Estonia extra MEP seat postponed till Brexit, at least October 31

EU and UK flags.
EU and UK flags. Source: Reuters/Scanpix

The number of seats in the European Parliament is to be reduced from 751 to 705, after the withdrawal of the United Kingdom from the European Union, currently scheduled for Oct. 31.

The move will give Estonia one more MEP mandate, something which was announced last year but put on ice when outgoing U.K. Prime Minister Theresa May (Conservative) was unable to get her E.U. withdrawal agreement through the House of Commons earlier this year. The U.K. was originally scheduled to leave on March 29.

Not all of the U.K.'s 74 MEP seats will be redistributed, and thus not all of the remaining E.U. 27 will get extra seats. For instance, neither of the other two Baltic States, Latvia and Lithuania, will get any extra mandates, though Estonia's neighbor to the north, Finland, will get one, bringing its total to 14 seats, BNS reports.

Other countries to benefit from the post-Brexit windfall include France and Spain (five extra seats), Italy and the Netherlands (three seats) and Ireland (two seats).

Seats are broadly distributed in line with population, with Germany having the highest number at 96 (which remains unchanged after any U.K. withdrawal).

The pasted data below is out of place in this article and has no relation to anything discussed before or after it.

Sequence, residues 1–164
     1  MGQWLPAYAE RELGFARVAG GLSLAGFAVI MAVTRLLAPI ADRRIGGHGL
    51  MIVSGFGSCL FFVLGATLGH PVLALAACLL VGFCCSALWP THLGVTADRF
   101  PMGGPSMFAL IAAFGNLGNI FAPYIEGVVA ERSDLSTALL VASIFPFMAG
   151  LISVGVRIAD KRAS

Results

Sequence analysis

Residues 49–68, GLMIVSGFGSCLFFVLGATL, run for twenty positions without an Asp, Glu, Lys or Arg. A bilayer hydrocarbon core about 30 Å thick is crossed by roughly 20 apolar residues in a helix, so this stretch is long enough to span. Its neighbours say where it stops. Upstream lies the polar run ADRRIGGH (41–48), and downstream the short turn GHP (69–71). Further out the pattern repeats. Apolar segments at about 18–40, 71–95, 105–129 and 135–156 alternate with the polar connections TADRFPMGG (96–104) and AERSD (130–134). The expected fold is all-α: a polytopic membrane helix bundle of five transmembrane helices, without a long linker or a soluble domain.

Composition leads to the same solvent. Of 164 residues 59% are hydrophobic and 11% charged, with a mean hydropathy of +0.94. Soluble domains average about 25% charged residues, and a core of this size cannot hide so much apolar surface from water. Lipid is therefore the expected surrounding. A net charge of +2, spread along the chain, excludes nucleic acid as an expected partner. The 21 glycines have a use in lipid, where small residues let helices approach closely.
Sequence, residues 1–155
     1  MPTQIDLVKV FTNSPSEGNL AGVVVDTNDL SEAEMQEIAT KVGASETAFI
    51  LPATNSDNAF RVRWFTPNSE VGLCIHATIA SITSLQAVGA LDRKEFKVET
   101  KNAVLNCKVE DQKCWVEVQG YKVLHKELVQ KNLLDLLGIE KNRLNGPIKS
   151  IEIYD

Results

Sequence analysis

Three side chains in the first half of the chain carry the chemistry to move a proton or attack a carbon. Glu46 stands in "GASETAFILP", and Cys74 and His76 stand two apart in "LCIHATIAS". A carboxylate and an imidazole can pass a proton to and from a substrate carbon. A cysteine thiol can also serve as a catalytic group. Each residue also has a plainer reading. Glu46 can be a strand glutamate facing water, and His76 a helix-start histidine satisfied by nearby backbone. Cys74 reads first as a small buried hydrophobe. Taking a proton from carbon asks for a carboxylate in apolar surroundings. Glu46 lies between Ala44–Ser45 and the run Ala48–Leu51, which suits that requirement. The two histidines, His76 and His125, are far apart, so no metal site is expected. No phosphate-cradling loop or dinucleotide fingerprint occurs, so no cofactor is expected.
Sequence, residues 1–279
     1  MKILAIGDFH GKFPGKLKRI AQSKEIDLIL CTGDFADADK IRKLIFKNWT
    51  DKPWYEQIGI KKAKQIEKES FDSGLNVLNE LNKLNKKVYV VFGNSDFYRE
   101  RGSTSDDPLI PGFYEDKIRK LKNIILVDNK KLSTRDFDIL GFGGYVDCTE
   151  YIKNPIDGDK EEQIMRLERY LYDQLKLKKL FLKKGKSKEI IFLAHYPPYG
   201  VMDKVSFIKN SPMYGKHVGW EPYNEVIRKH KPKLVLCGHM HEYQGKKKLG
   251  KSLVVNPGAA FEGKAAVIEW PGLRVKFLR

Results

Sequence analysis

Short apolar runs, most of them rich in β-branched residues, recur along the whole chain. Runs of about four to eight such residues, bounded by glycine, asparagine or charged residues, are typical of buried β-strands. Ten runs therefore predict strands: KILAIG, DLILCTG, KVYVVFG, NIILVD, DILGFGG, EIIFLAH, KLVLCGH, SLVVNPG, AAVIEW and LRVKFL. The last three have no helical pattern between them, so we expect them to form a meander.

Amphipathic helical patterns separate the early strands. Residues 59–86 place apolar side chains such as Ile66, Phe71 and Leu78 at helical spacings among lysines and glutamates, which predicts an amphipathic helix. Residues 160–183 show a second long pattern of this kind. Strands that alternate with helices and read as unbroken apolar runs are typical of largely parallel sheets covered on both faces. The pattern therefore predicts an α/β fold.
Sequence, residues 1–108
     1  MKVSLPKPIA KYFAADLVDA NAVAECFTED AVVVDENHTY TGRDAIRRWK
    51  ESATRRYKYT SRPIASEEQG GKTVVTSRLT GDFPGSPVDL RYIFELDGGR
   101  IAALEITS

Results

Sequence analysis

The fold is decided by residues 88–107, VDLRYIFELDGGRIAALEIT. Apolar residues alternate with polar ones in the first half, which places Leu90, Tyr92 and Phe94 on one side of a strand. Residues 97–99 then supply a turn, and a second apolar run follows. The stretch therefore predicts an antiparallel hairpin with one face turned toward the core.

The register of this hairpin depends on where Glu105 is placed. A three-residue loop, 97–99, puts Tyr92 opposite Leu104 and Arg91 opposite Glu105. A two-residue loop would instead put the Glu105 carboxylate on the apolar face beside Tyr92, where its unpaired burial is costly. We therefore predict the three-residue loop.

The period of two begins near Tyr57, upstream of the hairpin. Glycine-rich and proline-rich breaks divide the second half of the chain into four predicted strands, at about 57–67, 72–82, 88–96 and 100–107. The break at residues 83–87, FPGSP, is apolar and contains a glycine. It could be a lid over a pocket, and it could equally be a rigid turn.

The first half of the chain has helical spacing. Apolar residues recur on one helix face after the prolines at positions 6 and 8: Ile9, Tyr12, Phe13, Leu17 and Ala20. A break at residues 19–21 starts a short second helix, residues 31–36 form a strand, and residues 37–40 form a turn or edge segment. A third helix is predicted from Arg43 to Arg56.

The U.K. is thus likely to be contesting its last European Parliamentary elections, where the two main parties, the governmental Conservative Party, and the opposition Labour Party, are expected to do particularly badly, as they had done at the recent local elections. A major factor has been perceived disunity within the two parties on the issue of Britain leaving the E.U., which leaves two other parties, the Liberal Democrats, as the clear "remain" party, and the newly-formed Brexit party as the clear "leave" party, projected to make inroads. The Conservative government in the U.K. is propped up by the Northern Irish Democratic Unionist Party (DUP), which is pro-leave.

That Estonia failed to get one extra MEP seat at Sunday's election is widely thought to have potentially cost Isamaa a seat, for its number one candidate, Riho Terras, or alternatively former Reform Party MEP Igor Gräzin, running for the Centre Party this time. Terras would only likely get a seat if the predicted Conservative People's Party of Estonia (EKRE) seat failed to materialize, or, less likely, at the expense of one of the Reform Party or the Social Democratic Party's (SDE) projected two seats.

Polls are closing in Estonia at press time, 8 p.m.. However, the results, including the e-vote, cannot be announced until all the member states' polls have closed. Since voting in Italy continues until 11 p.m. local time (midnight in Estonia) the results cannot be announced ahead of that.

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Editor: Andrew Whyte

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